CCleaner, one of PCWorld’s recommendations for the best free software for new PCs with more than 2 billion downloads worldwide, is used by many Windows, Mac and Android users who want looking to keep their devices running as fast as possible. Unfortunately for them, it appears that might not have been keeping your PC so clean after all. Hackers decided to sneak their own code into a recent build of CCleaner for Windows in an attempt to steal data and possibly infect users’ systems with even more malicious applications.
On Sept. 13th, the popular optimization and scrubbing software, Cisco Talos, has discovered the official download of the free versions of CCleaner 5.33 and CCleaner Cloud 1.07.3191 had a malicious bit of code injected by hackers that could have affected more than 2 million users who downloaded the most recent update. This means that a hacker infiltrated Avast Piriform’s official build somewhere in the development process build to plant malware designed to steal users’ data.
Cisco Talon also suspects that the attackers may have “compromised a portion of (CCleaner’s) development or build environment and leveraged that access to insert malware into the CCleaner build that was released and hosted by the organization.” As such, customers’ personal information was not at risk.
An Avast spokeswoman told that 2.27 million users had downloaded the infected version of CCleaner, and that 5,000 installations of CCleaner Cloud had received the tainted update to that software.
The malware was also programmed to collect a bunch of user data, including:
- Name of the computer
- List of installed software, including Windows updates
- List of running processes
- MAC addresses of first three network adapters
- Additional information whether the process is running with administrator privileges, whether it is a 64-bit system, etc.
Though it in no way alleviates the blunder, the appmaker says all stolen data was encrypted and unlikely to be accessed.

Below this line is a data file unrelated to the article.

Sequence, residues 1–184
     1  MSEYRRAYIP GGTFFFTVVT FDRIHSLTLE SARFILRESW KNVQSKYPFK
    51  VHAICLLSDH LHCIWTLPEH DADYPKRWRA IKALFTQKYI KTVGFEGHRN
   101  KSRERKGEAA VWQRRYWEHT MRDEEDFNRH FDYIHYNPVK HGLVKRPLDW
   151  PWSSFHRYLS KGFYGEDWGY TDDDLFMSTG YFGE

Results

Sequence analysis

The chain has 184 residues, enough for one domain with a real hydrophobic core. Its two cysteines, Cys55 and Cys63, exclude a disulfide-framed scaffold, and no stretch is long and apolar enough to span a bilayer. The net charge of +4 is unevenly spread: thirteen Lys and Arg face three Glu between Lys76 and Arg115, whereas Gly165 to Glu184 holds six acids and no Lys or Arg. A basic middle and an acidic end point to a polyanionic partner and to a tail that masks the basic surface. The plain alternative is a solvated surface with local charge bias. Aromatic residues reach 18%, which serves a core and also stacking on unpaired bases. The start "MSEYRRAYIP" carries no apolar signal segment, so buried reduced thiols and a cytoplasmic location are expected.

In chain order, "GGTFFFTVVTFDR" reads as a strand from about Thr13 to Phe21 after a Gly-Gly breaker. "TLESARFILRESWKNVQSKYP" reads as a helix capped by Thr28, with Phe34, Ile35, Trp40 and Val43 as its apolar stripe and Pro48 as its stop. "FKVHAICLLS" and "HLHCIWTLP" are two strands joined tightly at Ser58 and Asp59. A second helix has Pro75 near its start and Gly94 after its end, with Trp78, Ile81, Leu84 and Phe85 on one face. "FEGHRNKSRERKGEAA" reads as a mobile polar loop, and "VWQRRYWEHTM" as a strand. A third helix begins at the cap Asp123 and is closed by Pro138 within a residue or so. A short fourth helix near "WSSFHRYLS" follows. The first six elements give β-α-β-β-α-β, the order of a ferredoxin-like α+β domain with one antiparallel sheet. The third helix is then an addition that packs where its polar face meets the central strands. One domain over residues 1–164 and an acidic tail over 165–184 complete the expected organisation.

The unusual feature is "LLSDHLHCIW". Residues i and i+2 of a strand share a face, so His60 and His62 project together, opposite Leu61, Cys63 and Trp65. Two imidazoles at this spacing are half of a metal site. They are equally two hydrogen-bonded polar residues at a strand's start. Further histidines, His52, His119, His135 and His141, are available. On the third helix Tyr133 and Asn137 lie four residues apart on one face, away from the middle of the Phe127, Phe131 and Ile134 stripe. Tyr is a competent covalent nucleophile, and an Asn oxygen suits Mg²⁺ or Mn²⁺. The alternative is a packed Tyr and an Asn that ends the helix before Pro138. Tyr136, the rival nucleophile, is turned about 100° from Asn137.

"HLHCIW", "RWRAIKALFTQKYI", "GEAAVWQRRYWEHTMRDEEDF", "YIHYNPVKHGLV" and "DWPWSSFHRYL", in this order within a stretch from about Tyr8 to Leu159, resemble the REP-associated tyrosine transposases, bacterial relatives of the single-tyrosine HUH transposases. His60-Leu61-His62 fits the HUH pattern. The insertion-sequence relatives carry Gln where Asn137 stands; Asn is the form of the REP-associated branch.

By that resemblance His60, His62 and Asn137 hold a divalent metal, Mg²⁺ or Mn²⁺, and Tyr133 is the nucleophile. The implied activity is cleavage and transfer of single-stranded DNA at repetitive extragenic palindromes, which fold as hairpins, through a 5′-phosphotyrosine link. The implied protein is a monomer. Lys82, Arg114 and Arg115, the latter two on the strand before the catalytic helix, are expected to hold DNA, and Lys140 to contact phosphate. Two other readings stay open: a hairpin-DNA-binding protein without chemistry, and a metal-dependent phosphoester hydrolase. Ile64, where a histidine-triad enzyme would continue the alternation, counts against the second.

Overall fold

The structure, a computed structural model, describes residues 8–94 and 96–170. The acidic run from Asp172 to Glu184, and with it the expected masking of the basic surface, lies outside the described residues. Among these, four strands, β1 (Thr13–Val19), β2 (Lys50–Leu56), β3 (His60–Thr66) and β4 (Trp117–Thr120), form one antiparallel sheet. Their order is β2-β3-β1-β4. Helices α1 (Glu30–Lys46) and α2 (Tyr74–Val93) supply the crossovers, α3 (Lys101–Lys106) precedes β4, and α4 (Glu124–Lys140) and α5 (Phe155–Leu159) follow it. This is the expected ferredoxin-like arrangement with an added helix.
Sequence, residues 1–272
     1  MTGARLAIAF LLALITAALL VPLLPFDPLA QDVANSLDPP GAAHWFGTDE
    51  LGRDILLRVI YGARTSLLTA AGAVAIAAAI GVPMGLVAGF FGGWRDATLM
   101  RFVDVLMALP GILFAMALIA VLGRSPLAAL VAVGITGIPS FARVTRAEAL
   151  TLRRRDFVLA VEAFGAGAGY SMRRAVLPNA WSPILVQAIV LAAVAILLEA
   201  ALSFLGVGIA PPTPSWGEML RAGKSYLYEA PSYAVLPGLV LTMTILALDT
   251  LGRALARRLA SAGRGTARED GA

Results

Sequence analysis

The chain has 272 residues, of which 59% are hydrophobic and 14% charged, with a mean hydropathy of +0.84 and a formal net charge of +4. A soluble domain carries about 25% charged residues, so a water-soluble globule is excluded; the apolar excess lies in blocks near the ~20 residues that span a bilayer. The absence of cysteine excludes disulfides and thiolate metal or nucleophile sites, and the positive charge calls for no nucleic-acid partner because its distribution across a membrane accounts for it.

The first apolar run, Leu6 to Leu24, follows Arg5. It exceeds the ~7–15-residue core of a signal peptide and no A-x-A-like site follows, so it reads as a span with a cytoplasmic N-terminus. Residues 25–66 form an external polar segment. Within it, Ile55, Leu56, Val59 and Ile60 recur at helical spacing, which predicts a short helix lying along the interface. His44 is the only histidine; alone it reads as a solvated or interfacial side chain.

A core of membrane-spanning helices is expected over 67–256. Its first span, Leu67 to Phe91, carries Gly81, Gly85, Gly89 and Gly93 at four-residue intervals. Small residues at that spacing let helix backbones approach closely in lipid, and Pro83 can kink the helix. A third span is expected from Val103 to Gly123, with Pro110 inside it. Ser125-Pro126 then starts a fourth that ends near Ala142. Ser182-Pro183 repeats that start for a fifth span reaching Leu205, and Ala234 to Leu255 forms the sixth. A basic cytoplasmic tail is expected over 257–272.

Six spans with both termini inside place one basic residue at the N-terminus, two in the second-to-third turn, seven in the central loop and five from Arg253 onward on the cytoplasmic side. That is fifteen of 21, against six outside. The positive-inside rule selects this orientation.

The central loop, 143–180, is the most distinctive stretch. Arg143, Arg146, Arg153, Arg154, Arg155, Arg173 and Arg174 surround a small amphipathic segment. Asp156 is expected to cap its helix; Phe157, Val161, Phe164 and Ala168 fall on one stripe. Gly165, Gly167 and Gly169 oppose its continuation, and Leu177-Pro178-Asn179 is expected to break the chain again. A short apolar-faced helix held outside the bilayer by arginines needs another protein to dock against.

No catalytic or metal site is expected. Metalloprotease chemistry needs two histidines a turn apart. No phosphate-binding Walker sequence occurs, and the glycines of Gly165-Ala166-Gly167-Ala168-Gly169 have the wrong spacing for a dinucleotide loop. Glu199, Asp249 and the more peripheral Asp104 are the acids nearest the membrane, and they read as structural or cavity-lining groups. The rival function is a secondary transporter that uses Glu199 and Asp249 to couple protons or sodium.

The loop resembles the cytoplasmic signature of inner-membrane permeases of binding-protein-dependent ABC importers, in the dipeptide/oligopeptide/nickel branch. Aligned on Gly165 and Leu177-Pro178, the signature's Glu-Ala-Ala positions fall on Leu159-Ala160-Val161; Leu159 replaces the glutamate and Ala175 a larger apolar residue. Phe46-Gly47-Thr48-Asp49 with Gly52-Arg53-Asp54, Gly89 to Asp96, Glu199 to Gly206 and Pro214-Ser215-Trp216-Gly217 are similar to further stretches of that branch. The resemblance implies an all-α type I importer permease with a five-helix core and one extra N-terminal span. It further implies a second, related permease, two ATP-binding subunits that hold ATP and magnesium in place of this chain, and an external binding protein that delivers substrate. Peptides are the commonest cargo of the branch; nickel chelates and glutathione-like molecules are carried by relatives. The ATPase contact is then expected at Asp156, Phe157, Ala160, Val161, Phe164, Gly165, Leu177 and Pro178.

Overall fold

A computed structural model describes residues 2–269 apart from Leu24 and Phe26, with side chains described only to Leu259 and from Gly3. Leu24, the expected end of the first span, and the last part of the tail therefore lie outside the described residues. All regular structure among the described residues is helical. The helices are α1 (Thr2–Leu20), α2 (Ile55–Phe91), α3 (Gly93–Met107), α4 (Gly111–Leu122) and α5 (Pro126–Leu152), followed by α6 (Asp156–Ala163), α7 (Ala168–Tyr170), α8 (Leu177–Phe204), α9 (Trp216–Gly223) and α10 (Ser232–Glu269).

Avast chief technical officer Ondrej Vlcek said that,
“2.27 million is certainly a large number, so we’re not downplaying in any way. It’s a serious incident. But based on all the knowledge, we don’t think there’s any reason for users to panic. To the best of our knowledge, the second-stage payload never activated… It was prep for something bigger, but it was stopped before the attacker got the chance.”
Moreover, the unknown hackers signed the malicious installation executable (v5.33) using a valid digital signature issued to Piriform by Symantec and used Domain Generation Algorithm (DGA), so that if attackers’ server went down, the DGA could generate new domains to receive and send stolen information.
“All of the collected information was encrypted and encoded by base64 with a custom alphabet,” says Paul Yung, V.P. of Products at Piriform. “The encoded information was subsequently submitted to an external IP address 216.126.x.x (this address was hardcoded in the payload, and we have intentionally masked its last two octets here) via a HTTPS POST request.”
How to Remove Malware From Your PC
If you’re on version 5.33 of CCleaner, which states its version number in its top left corner of its interface, your best bet may be to roll back your Windows system to a snapshot from before Aug. 15, as your system may have been compromised since then. At the very least, make sure your own anti-virus software is up to date.
However, Piriform estimated that up to 3 percent of its users (up to 2.27 million people) were affected by the malicious installation.
If you are affected we strongly recommend to update your CCleaner software to version 5.34 or higher, in order to protect their computers from being compromised. The latest SAFE version is available for download in piriform’s official website.